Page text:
Morrison, Alan, Wilhelm, William and Chen, Zhaohui (2014) Another Look at Bookbuilding, Auctions, and the Future of the IPO Process. Journal of Applied Corporate Finance, 26 (2). pp. 19-29.
In an earlier series of articles published in this journal, one of the three authors of this article predicted the rise of auction IPOs, possibly to the point of displacing the traditional bookbuilding process for pricing and allocating IPOs, only to find himself forced to explain in later articles the continuing preference of issuers for the conventional IPO process. In a 1999 article, for example, this author cited WR Hambrecht as posing a serious challenge to bookbuilding. And in a 2005 article, shortly after Google used an auction for its IPO, he suggested that the time was ripe for change. In this article the authors revisit the debate, taken up most recently in a 2012 exchange between Congressman Darrell Issa and the SEC. They begin by discussing why bookbuilding persists before focusing on several recent developments that could undermine the case for bookbuilding. The authors point out that bookbuilding rests on banks' discretion in allocating IPO shares and, critically, on both issuers and investors trusting that it will be deployed appropriately. After discussing developments that have undermined trust in the financial markets, the authors suggest that, when combined with recent regulatory changes intended to streamline public offerings by small firms, such changes have created opportunities for auctions to gain traction in the U.S. IPO market.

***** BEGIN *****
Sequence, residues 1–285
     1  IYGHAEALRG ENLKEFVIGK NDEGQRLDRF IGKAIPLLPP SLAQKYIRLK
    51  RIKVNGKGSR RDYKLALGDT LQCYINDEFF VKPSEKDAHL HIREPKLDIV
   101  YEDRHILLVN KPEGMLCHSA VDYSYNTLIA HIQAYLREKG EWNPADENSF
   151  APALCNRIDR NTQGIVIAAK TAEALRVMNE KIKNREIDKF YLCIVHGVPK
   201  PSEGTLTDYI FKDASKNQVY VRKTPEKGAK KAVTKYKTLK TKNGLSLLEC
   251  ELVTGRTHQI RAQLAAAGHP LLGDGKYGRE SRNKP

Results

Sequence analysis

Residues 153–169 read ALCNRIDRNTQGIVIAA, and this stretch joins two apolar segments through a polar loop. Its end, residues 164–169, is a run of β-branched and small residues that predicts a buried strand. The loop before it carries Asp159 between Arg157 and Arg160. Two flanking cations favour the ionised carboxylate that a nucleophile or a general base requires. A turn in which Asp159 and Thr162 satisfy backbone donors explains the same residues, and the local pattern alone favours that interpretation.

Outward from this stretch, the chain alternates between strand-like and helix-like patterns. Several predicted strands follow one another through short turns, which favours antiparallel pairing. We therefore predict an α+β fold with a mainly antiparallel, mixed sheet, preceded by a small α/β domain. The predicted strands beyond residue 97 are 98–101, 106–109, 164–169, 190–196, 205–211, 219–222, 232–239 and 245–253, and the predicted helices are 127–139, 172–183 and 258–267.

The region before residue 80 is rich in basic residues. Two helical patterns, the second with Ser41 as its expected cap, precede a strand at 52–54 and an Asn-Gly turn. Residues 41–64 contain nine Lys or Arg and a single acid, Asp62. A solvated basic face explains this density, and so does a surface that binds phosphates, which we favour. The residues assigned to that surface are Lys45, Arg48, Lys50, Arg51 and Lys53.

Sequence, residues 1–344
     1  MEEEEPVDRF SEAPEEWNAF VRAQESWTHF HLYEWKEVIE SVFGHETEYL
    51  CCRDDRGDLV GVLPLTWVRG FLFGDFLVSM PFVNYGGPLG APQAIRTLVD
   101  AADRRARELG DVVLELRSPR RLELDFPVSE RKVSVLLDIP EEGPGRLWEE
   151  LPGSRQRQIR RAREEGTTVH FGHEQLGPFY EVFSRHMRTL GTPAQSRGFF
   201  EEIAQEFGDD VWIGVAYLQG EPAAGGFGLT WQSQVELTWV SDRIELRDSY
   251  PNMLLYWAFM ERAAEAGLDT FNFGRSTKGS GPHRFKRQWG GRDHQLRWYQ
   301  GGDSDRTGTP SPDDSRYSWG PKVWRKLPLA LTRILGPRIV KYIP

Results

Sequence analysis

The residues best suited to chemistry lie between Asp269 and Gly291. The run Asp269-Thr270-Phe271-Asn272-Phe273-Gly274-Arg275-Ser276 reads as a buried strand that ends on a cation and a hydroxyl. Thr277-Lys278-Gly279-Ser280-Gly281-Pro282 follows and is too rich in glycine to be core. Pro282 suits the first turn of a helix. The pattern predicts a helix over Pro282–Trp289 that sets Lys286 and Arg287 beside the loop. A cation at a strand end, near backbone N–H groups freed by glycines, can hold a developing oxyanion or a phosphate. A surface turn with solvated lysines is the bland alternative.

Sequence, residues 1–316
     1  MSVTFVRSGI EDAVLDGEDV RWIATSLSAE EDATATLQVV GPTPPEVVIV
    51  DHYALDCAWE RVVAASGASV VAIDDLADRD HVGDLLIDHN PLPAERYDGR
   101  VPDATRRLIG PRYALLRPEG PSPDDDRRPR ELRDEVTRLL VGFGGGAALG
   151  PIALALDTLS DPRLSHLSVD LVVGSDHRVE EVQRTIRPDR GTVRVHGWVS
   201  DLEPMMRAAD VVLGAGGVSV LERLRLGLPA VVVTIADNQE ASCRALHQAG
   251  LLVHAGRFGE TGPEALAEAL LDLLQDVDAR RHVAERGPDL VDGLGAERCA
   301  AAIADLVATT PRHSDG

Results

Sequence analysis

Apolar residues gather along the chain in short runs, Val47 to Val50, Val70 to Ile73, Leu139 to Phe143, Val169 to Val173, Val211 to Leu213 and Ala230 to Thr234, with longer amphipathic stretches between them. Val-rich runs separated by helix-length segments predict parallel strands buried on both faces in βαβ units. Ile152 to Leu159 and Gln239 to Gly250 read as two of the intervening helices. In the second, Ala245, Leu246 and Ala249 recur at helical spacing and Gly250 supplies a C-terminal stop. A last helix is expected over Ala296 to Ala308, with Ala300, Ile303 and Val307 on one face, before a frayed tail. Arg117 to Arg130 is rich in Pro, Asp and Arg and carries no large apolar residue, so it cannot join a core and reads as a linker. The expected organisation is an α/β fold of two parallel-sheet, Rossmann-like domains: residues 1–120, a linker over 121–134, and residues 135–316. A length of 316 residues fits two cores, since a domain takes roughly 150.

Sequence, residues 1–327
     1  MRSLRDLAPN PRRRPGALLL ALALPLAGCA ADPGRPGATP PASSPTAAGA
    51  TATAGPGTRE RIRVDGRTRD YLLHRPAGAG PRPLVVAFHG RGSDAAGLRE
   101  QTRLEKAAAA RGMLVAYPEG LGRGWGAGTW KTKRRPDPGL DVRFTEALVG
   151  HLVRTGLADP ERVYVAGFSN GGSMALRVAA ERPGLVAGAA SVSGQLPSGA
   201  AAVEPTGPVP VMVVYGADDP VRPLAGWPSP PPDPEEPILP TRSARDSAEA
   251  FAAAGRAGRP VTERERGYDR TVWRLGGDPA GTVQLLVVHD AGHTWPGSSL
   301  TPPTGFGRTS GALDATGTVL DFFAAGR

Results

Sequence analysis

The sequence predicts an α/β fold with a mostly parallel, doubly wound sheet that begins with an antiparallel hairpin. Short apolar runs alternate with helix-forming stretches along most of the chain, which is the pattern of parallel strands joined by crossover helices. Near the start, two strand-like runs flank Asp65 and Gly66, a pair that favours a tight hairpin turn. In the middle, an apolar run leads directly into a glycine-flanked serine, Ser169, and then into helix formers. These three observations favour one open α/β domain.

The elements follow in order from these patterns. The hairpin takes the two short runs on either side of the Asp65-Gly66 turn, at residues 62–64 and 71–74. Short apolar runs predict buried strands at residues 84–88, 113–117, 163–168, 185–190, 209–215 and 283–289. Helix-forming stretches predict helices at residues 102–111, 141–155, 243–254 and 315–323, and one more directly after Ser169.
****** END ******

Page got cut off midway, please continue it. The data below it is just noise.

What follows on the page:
|Keywords:||investment; information technology; finance|
|Date Deposited:||07 Jul 2015 08:14|
|Last Modified:||01 Mar 2017 10:34|
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